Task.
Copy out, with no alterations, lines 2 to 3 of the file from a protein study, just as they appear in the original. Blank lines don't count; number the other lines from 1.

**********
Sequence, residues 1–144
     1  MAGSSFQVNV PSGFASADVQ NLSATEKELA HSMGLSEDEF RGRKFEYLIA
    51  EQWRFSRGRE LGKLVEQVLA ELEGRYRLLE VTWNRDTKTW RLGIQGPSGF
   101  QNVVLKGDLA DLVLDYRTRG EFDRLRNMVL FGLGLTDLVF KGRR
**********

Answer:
     1  MAGSSFQVNV PSGFASADVQ NLSATEKELA HSMGLSEDEF RGRKFEYLIA
    51  EQWRFSRGRE LGKLVEQVLA ELEGRYRLLE VTWNRDTKTW RLGIQGPSGF